In the wake of the refugee crisis is Europe, concerns are often voiced regarding the challenges of integrating refugees into society and the workforce, as well as counteracting physical and societal segregation. While it is clear that a lot more can be done in Europe on the issue, often many other countries have a far gloomier record. Refugees are often kept on the sidelines of society for years. Let’s take a look at some of the oldest refugee camps in existence in the world today.
Palestinians are among one of the most well known people to be settled in refugee camps for an extensive period of time. Many Palestinian refugee camps have existed since the 1948 Arab-Israeli war – over 65 years. Despite their lengthy stay, the Palestinians, and their children, are often denied citizenship by their host countries and have limited political and economic rights. Most of the camps are located in Jordan, Lebanon and Syria, as well as the Gaza strip and the West Bank. Among the largest and oldest Palestinian refugee camps is Ain al-Hilweh (1948) Lebanon, and Jabalia Camp (1948) and Rafah (1949), the Gaza Strip. Conditions vary depending on the country; in Lebanon for example, they are not considered citizens, and since 2001, they are not allowed to own property. Roughly half of the Palestinian population in Lebanon live in 12 different refugee camps. Poverty is rife and the conditions miserable. In contrast, Jordan has granted most Palestinians citizenship, and they are often well integrated into society. Nevertheless, 10 camps are still in existence in Jordan, with roughly 370 000 people living there.
Of far lesser numbers, but of even older refugee status, are the people living in Cooper Camp, West Bengal, India. The over 7000 people living in this forgotten camp fled (or is a descendant of those who fled) modern-day Bangladesh after the partition of British India in 1947. This makes Cooper Camp the oldest refugee camp in India, and possibly the world. Despite this, few Indians even know of its existence, and this poverty stricken camp is even lesser known to the outside world. Here, people have lived for decades – given birth and died – waiting for the right to reside in the country. Since 1947, millions of Bangladeshi refugees have continued to seek shelter in India, but integration and acceptance is clearly lacking. Only the ones who can afford to pay bribes can obtain citizenship and own property. Anti-immigration sentiments have, from time to time, exploded with tragic consequences; as in 1983 when 2000 Bangladeshi migrants were brutally killed in the Nellie massacre, in the span of just six hours.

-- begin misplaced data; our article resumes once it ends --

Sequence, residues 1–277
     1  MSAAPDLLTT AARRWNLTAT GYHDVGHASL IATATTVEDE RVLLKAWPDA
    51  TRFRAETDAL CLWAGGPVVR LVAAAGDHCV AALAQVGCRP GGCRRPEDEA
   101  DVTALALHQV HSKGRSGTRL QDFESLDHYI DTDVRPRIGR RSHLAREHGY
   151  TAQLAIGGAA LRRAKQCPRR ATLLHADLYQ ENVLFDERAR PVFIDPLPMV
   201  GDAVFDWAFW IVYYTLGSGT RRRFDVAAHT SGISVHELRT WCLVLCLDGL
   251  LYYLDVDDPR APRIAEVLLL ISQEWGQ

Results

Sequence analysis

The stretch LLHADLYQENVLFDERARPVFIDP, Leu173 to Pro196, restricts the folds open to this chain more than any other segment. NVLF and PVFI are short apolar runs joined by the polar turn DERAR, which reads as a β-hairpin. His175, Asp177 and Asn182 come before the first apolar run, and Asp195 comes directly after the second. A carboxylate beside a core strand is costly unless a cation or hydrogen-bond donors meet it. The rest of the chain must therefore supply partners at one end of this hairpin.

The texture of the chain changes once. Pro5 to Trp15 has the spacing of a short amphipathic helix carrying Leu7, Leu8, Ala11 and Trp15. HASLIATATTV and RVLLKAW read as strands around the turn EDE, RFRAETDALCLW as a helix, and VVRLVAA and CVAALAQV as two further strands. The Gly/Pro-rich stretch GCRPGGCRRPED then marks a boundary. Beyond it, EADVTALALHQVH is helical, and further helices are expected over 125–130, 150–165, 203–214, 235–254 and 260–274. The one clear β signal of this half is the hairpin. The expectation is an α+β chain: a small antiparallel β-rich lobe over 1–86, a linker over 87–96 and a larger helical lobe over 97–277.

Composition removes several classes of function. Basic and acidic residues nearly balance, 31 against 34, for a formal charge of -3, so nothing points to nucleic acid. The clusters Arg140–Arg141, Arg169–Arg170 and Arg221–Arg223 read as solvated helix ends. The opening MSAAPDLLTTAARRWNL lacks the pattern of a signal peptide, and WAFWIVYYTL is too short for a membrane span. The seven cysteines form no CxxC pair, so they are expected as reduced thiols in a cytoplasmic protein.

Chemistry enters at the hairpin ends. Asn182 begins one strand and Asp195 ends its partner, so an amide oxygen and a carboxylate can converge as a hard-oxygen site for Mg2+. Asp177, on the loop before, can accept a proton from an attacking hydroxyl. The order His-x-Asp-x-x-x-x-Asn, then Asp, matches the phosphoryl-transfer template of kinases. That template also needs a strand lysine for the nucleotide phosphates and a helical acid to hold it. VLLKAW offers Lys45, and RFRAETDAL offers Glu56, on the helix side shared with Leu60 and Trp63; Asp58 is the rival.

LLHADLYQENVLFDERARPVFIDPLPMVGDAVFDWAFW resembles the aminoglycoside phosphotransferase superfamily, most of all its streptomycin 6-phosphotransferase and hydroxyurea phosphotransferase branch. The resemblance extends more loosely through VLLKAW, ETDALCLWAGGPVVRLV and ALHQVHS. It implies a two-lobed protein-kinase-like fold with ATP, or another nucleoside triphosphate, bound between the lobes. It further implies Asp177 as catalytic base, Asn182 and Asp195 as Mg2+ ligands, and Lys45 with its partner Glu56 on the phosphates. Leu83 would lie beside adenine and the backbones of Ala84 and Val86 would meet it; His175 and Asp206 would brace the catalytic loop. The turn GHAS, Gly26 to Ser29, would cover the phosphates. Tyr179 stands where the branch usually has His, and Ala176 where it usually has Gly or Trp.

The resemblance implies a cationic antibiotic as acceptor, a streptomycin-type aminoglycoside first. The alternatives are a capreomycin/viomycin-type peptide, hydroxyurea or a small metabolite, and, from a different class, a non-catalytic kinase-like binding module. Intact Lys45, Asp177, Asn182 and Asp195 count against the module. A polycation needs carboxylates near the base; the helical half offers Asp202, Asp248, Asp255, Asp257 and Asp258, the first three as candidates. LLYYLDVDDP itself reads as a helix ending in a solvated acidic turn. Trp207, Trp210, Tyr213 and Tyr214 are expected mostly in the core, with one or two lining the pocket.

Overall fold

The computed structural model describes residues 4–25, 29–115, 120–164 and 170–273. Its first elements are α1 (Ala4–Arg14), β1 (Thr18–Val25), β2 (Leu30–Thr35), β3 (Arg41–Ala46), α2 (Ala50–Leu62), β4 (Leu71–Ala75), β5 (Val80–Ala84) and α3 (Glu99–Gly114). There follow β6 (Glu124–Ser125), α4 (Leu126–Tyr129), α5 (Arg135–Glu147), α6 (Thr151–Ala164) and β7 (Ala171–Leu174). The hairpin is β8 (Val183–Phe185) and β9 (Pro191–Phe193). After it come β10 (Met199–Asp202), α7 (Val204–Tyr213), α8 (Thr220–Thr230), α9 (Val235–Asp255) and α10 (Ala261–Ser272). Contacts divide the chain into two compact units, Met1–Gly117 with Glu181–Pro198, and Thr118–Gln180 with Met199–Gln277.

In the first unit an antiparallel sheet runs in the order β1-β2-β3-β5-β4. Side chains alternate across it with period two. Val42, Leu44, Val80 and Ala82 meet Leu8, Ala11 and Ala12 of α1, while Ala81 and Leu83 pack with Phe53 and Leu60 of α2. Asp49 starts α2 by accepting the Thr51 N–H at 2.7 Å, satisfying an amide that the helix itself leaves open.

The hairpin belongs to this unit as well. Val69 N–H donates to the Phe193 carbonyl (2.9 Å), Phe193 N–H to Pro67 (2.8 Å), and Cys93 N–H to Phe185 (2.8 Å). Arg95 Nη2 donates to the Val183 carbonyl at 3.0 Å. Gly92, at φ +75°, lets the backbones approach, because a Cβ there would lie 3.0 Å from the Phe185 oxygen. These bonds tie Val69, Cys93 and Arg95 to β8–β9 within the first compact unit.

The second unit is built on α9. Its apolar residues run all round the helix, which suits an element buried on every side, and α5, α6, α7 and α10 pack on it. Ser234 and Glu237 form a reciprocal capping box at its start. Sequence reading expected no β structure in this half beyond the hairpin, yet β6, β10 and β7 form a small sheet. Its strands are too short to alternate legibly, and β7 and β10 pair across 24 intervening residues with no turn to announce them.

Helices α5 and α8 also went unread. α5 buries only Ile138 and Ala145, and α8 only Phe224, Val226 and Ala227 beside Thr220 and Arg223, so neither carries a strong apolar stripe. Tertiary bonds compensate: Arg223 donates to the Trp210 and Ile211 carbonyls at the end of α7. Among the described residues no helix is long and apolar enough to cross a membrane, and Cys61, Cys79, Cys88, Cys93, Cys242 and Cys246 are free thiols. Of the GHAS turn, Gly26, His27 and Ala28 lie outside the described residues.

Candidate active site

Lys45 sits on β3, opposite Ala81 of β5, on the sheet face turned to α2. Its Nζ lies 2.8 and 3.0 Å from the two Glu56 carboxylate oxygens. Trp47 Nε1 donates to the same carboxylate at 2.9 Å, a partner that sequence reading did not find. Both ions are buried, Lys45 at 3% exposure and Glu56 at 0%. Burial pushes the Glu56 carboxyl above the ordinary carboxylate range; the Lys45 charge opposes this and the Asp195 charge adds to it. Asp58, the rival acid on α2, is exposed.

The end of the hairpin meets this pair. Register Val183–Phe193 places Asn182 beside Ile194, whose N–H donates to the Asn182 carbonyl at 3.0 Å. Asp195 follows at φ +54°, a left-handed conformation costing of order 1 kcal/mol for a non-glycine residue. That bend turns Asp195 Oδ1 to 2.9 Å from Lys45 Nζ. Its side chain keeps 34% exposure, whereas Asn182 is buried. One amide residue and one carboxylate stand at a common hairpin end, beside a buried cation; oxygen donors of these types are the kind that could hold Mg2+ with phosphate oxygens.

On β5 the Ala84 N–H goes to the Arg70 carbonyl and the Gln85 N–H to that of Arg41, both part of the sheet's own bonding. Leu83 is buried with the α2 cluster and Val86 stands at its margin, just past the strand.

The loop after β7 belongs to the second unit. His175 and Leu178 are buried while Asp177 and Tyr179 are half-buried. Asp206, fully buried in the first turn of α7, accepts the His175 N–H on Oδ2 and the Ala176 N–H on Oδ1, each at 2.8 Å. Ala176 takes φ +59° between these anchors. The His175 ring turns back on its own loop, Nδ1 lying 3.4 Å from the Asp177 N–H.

In Algeria we find the next refugee group; the Sahrawi people, originally from Western Sahara. Like the biblical Hebrews fleeing Egypt, they have lived for 40 years in the desert. Many of those who live in the five camps near the city of Tindouf, have been there since the war between the Sahrawi Polisario Front and Morocco, that erupted in 1975. The number of refugees currently living in these five camp is uncertain; the Algerian government puts the number at roughly 165 000, while UNHCR base their assistance programme on the figure 90 000. Regardless of their numbers, the people living in the camps live in abject poverty, with restricted job opportunities. With running water often lacking and a limited possibility of growing food on the desolate desert plain, the inhabitants largely survive on humanitarian aid. The Polisario Front have governed the camps for decades, with little involvement from the Algerian government. The humanitarian situation was worsened this October by large floods, affecting all five camps and resulting in widespread damage.
Thailand is home to the last refugee camp we’ll visit: Mae La. It is the largest camp out of nine camps in Thailand where Burmese refugees are currently seeking shelter. Mae La was established in 1984 and today it is home to over 40 000 refugees, although the exact number is uncertain. The situation for the refugees themselves is highly problematic; the camps are overcrowded and its residents impoverished. The lack of health care facilities, and their limited ability to support themselves has resulted in aid dependency. In addition, the refugees have to remain in the camp – living or working outside its borders puts them at risk of arrest and deportation back to Burma.
These four refugee groups are just a small share of the protracted refugees in the world today. Indeed, there are numerous more examples of people that have lived as refugees for decades. Clearly, this is not a new phenomenon, and while the current refugee crisis in Europe is in the spotlight, we should do well to remember the plight of the millions of refugees living indefinitely in legal limbo and poverty. And perhaps, start to increasingly question the states that host these refugees for years on end without providing asylum or integration.